There are six big hacking threats facing IT today, and I’m sorry to tell you that the hackers are winning. In just the past month, the world’s biggest bourse operator by market value, Hong Kong Exchanges & Clearing Ltd., suspended trading after its website was hacked; the Bay Area Rapid Transit (BART) system was hacked, exposing customer and employee data; and Nokia’s developer forum was hacked, compromising user e-mails and other personal info.
Those are the hacks we know about. There are likely hundreds more that went undetected and unreported. The simple fact is that no organization is safe—even the security technology vendors. A user at RSA opened what appeared to be a spreadsheet attached to an e-mail, touching off an intrusion that compromised an RSA security technology used widely by the US government and Fortune 500 companies.
In an ironic twist, even the Wikileaks website, infamous for posting corporate and classified information, was hacked, resulting in the public release of secret diplomatic sources. If that’s not sensitive data, I don’t know what is.
Hackers are a problem for nearly all organizations, because most still rely on traditional perimeter security—VPNs, firewalls, IDSes, IPSes—things that protect the network’s borders. These approaches were once all you needed to prevent most attacks. But perimeter solutions aren’t holding up anymore. Hackers are getting past them with ease. Easy to use hacking tools are readily available, allowing anyone with a PC and a motive to penetrate networks. If you can spell, you can use these tools to compromise a network. And once you’re in, you often have access to everything.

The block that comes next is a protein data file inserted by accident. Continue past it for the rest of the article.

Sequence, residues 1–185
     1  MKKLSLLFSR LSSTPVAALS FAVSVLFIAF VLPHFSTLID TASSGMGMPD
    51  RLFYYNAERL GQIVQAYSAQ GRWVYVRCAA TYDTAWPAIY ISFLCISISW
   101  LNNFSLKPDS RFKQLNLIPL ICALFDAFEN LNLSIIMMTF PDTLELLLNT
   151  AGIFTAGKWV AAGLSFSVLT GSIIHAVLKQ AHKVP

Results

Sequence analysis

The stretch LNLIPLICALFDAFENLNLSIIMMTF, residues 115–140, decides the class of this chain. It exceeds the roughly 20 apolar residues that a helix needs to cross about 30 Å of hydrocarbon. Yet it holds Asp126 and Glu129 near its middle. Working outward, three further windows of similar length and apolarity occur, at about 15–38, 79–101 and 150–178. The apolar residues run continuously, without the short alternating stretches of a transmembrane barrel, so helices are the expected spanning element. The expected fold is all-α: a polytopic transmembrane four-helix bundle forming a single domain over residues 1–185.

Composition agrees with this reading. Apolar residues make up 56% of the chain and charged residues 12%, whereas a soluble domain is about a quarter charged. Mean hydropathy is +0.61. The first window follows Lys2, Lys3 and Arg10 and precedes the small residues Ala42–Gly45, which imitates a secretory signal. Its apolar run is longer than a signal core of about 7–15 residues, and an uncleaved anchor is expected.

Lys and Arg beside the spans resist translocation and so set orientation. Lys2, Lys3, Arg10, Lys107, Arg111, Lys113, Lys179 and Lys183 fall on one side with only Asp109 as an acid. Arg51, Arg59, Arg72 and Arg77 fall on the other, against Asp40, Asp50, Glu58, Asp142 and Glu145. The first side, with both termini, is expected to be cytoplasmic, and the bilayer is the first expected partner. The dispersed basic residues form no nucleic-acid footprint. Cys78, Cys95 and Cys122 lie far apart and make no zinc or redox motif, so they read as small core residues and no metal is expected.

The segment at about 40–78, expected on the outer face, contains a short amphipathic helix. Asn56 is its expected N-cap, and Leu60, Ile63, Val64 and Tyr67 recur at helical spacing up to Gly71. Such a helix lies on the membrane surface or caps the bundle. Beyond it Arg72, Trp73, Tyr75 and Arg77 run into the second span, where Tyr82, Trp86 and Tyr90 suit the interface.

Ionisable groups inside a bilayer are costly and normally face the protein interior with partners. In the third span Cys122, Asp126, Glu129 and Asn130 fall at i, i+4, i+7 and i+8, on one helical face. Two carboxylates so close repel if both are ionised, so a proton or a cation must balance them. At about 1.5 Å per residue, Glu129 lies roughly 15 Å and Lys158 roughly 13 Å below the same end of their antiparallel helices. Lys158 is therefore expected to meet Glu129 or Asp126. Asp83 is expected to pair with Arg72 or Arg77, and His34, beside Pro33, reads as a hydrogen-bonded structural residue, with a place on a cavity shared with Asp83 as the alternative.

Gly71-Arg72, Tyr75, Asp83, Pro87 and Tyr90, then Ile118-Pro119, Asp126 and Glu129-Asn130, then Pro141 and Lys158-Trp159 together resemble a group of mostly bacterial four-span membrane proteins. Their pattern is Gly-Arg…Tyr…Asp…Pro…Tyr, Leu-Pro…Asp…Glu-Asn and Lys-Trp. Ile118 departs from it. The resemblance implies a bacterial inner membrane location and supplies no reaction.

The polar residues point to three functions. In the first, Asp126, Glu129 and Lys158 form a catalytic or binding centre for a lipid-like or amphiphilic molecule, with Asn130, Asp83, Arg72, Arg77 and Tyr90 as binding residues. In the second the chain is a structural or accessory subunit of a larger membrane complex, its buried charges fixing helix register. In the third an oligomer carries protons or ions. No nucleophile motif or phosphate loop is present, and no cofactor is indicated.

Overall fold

To stay ahead of the hackers, we have to move beyond securing network perimeters and physical devices to securing data. Even the hackers are telling us to do this. A recently jailed hacker criticized organizations for not using encryption software. Indeed, encryption is one of the most important keys to neutralizing the hacker problem. But even encrypted data can leak, as we learned when the RSA hack led to an attack on its customer, Lockheed Martin.
An extra step is needed. For example, the Unisys Stealth Solution takes the extra step to make the encrypted data invisible. And today we announced the Unisys Stealth Solution for Secure Virtual Terminal (SSVT), which integrates our Stealth technology on a Federal government-certified USB device to allow teleworkers and other mobile users to safely share enterprise networks from any location.
If you want to learn how to evade hackers, step one is to get an education on hacking techniques and the failures of the existing perimeter and device security model. Step two is to then introduce the correct technology. With that in mind, I’d like to spend a words covering the six biggest hacker threats facing IT today, and how you can protect your organization.
The top six threats are primarily about the theft of information, but each can have devastating financial, legal, and public relations consequences for organizations that are exploited:
In my next post, I will walk you through each one of these threats. I will explain why they are a threat, how hackers pull off these exploits, why the current IT security model fails, and how you can change the dynamic to protect your organization’s information assets—including the role that Unisys Stealth and the Unisys SSVT device can play.